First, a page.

23. Incidentally, this should not lead us to the converse fallacy that the Khmer Rouge’s reign had been some kind of ‘state capitalism’. The Khmer Rouge did indeed relate to the world market with their aims and would have loved to transform Cambodia into an agricultural supplier for international capitalism. But they never got that far. And unlike in the USSR they did not even try to turn wage, price and profit into factors of planning. Instead of trying to plan in terms of money, which would not have meant bad capitalism but a badly planned economy, it was rice that had to be delivered in Kampuchea. A ‘domestic market’, whether of a capitalist or state socialist kind, did not exist; the money of ‘Democratic Kampuchea’, which had already been printed, was not introduced as currency.
24. For a long time the left refused to believe that ‘Democratic Kampuchea’ was ruled by such an evil regime. There were reasons for this: “falsifications and intentional lies, subsequently proved to be false, made it hard to believe the few sources available.” For example a French doctor’s report from April 30, 1975 on various atrocities that definitely did not take place, supposed that witness reports supplied in exchange for dollars at the Thai border by people who had not been in Cambodia at the time in question, staged photographs produced by the Thai secret police to influence elections, or the most famous photograph, which circulated worldwide with the caption “A Khmer Rouge shops with a pistol on the day of liberation”: in fact he was asking looters to stop immediately.45 With this in mind, the attitude of the West European and North American Left may have been unpleasant but it was not incomprehensible. Given the complete closing-off of Kampuchea, the only available information came from opponents of the Khmer Rouge, and for the most part it was not exactly reliable. All this is alarming, but one minority definitely to be disregarded is the element of the Left that continued to hold onto the Khmer Rouge until much later. Of course, one thing most morally outraged anti-communists prefer to suppress is that after the expulsion by the Vietnamese Army it was the free West [as well as "Socialist" China - MW] that financed the Khmer Rouge murder gangs and gave them military support, allowing them to continue their slaughter in the border regions edging on Thailand. “You can’t be squeamish about auxiliary forces”. The West in its fight against the USSR and Vietnam took the words of old-school conservative Franz-Josef Strauss truly to heart, and even the Khmer Rouge, after their fall, were welcome.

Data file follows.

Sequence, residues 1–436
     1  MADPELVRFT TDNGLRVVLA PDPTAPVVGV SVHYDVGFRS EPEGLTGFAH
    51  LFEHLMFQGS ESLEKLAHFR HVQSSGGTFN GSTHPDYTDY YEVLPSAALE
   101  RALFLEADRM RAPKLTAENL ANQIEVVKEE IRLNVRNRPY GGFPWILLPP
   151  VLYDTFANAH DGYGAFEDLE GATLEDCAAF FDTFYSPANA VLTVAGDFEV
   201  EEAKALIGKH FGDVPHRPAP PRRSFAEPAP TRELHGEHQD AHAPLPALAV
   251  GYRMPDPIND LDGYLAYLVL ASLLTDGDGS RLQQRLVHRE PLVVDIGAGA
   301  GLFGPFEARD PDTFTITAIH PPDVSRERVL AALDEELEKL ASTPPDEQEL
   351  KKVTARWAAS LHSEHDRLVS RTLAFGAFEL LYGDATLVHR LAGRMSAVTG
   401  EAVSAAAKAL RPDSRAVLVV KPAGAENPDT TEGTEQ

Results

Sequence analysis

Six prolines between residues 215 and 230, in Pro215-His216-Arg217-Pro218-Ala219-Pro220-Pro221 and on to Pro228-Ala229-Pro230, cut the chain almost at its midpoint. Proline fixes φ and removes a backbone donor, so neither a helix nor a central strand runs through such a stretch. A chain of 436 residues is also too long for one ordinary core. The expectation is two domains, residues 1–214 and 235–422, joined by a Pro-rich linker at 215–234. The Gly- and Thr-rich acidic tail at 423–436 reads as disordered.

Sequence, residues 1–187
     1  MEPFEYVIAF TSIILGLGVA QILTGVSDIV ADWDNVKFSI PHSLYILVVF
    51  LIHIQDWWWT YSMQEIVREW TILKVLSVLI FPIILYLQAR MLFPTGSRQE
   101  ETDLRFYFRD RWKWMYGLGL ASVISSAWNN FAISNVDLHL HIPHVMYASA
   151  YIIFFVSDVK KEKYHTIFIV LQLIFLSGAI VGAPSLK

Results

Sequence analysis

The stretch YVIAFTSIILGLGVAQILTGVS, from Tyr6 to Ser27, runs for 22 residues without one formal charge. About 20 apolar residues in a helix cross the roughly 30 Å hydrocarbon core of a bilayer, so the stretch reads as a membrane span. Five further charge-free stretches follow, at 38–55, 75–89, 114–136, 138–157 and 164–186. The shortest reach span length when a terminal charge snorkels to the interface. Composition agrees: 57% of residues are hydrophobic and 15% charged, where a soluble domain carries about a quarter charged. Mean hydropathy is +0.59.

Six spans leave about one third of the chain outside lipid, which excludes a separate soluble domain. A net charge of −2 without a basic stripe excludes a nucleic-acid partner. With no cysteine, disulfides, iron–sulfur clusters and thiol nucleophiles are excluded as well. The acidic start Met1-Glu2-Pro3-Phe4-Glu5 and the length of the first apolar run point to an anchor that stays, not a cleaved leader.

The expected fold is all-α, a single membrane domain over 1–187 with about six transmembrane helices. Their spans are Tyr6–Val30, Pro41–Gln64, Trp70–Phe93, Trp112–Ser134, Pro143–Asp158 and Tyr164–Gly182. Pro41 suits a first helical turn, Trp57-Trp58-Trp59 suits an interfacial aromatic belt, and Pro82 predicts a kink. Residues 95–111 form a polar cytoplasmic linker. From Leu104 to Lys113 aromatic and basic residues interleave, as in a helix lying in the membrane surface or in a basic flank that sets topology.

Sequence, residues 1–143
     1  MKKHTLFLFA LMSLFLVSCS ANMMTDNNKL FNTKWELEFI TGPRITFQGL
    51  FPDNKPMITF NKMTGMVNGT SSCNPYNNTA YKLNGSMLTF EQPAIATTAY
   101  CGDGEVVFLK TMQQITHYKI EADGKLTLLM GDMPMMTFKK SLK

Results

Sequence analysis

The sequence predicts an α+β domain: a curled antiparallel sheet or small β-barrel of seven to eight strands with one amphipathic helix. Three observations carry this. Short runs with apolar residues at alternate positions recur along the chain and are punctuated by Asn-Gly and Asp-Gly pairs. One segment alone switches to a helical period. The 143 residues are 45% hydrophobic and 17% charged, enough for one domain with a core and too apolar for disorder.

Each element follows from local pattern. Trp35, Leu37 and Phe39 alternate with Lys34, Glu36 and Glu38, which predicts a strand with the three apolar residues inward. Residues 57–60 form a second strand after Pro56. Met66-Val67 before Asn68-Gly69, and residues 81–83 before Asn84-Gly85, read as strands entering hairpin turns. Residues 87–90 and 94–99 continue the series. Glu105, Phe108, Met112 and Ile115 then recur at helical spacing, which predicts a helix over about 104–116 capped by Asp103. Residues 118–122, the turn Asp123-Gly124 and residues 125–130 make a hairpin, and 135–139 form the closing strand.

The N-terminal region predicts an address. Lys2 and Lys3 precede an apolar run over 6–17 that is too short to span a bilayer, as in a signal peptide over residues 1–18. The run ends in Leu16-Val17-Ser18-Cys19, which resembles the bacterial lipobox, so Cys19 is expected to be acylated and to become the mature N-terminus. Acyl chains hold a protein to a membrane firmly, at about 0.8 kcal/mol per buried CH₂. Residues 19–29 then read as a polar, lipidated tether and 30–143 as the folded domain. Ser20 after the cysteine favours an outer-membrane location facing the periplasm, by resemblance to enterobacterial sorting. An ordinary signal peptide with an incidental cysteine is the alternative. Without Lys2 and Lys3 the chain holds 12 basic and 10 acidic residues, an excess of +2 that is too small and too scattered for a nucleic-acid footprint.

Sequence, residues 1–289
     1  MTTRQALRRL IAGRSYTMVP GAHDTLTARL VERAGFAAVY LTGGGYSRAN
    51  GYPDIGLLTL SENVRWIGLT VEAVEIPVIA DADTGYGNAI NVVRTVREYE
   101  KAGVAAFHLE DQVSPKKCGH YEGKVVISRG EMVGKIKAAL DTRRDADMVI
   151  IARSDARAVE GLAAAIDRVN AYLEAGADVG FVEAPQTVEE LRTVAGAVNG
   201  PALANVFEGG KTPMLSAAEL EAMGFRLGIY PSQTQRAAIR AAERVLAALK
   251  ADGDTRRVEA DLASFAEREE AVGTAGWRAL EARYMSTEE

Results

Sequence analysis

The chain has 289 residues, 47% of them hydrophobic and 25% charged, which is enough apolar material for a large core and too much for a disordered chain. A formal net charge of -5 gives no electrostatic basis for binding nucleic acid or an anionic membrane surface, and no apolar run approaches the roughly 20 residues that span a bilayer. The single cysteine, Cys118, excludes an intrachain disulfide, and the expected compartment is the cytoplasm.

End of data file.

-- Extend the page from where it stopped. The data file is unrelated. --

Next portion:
[Note: To view the endnotes for this article, click HERE.]